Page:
- Full Disclaimer (https://www.home.saxo/en-au/legal/disclaimer/saxo-disclaimer)
- Analysis Disclaimer (https://www.home.saxo/en-au/legal/analysis-disclaimer/saxo-analysis-disclaimer)
- Notification on Non-Independent Investment Research (https://www.home.saxo/legal/niird/notification)

Saxo Capital Markets (Australia) Limited
Suite 1, Level 14, 9 Castlereagh St
Sydney NSW 2000

Contact Saxo

Select region


The Saxo trading platform has received numerous awards and recognition. For details of these awards and information on awards visit www.home.saxo/en-au/about-us/awards

Saxo Capital Markets (Australia) Limited ABN 32 110 128 286 AFSL 280372 (‘Saxo’ or ‘Saxo Capital Markets’) is a wholly owned subsidiary of Saxo Bank A/S, headquartered in Denmark. Please refer to our General Business Terms, Financial Services Guide, Product Disclosure Statement and Target Market Determination to consider whether acquiring or continuing to hold financial products is suitable for you, prior to opening an account and investing in a financial product.

Trading in financial instruments carries various risks, and is not suitable for all investors. Please seek expert advice, and always ensure that you fully understand these risks before trading. Saxo Capital Markets does not provide ‘personal’ financial product advice, any information available on this website is ‘general’ in nature and for informational purposes only. Saxo Capital Markets does not take into account an individual’s needs, objectives or financial situation. The Target Market Determination should assist you in determining whether any of the products or services we offer are likely to be consistent with your objectives, financial situation and needs.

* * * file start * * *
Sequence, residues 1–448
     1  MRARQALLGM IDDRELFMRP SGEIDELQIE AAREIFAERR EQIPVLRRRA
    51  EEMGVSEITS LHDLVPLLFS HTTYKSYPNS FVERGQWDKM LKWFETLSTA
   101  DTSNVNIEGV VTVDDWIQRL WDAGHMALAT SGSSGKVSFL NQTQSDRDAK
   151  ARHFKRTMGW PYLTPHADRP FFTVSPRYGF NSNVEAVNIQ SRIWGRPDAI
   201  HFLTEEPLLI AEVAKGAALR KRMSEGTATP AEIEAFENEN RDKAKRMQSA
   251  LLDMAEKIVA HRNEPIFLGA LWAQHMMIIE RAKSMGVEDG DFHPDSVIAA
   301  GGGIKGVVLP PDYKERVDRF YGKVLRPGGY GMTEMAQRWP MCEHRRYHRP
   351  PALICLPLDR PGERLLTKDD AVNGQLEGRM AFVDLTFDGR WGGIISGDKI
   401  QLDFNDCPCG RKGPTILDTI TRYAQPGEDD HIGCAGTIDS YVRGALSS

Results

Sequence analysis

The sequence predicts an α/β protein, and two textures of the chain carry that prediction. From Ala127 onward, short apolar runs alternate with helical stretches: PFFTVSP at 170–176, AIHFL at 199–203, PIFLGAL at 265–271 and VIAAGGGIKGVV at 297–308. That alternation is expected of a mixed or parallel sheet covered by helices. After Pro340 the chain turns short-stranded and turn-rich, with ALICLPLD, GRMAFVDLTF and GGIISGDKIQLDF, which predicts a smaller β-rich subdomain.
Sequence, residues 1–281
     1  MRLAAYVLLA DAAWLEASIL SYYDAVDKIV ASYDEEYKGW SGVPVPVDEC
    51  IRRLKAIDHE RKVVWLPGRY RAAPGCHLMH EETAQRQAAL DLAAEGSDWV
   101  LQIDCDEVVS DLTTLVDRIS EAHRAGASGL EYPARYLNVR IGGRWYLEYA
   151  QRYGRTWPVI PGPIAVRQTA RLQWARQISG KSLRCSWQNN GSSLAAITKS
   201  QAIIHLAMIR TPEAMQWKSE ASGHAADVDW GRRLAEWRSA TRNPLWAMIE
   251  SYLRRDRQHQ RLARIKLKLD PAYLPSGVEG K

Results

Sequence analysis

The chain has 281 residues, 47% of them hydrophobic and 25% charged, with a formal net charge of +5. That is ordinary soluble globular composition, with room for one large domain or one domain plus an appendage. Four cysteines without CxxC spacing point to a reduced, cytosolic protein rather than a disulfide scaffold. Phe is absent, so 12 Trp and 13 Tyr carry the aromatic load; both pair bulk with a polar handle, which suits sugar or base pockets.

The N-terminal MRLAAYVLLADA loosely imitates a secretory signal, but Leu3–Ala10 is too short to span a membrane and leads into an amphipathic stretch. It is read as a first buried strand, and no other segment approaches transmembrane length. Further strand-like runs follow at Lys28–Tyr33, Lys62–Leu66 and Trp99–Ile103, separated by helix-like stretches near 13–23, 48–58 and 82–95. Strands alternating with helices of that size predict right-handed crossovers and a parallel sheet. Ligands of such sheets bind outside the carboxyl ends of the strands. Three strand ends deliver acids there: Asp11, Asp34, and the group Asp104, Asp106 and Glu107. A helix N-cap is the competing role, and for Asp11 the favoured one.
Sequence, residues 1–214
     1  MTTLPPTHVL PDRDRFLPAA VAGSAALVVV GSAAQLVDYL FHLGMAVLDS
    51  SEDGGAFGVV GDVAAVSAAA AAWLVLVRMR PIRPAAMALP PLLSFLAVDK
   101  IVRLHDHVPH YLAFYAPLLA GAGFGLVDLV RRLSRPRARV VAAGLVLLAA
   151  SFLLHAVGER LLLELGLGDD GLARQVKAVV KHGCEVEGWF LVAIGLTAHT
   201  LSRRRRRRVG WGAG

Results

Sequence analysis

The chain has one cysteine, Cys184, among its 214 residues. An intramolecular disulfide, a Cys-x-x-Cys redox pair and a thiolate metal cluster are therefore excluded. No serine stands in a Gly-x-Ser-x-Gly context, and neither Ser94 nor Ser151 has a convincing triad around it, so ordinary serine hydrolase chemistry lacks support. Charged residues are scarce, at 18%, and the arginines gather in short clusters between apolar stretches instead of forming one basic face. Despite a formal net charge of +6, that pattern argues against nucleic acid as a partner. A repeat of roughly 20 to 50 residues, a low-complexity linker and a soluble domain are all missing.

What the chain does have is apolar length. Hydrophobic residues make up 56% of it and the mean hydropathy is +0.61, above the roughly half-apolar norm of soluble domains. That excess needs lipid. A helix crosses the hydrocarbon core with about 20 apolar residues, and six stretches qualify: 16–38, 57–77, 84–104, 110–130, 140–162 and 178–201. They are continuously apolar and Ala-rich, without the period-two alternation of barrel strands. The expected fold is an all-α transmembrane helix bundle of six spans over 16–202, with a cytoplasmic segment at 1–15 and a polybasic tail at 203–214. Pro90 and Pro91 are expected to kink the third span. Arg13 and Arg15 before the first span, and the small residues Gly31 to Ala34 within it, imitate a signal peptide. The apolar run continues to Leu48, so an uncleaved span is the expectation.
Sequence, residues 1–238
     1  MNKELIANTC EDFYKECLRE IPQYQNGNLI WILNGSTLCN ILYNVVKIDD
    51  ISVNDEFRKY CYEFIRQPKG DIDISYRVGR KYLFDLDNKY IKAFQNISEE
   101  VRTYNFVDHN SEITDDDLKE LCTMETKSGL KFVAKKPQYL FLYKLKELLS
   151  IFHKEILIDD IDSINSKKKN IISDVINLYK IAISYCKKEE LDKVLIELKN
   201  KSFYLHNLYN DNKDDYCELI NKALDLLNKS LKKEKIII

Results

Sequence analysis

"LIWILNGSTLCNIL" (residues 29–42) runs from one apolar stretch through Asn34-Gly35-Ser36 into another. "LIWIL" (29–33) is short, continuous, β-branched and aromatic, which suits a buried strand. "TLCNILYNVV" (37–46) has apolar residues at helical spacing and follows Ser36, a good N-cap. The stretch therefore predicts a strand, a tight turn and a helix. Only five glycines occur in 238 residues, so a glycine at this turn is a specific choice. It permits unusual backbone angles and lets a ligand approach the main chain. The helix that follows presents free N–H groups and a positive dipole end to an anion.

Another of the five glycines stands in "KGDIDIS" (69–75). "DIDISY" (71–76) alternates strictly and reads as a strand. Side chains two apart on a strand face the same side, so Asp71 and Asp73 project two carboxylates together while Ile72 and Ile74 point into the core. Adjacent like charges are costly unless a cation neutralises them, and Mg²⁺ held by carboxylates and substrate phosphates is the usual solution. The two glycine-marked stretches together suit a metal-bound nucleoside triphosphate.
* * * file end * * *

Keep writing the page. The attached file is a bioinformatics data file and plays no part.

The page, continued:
Apple, iPad and iPhone are trademarks of Apple Inc., registered in the US and other countries. AppStore is a service mark of Apple Inc.

The information or the products and services referred to on this website may be accessed worldwide, however is only intended for distribution to and use by recipients located in countries where such use does not constitute a violation of applicable legislation or regulations. Products and Services offered on this website is not intended for residents of the United States and Japan.

Please click here to view our full disclaimer.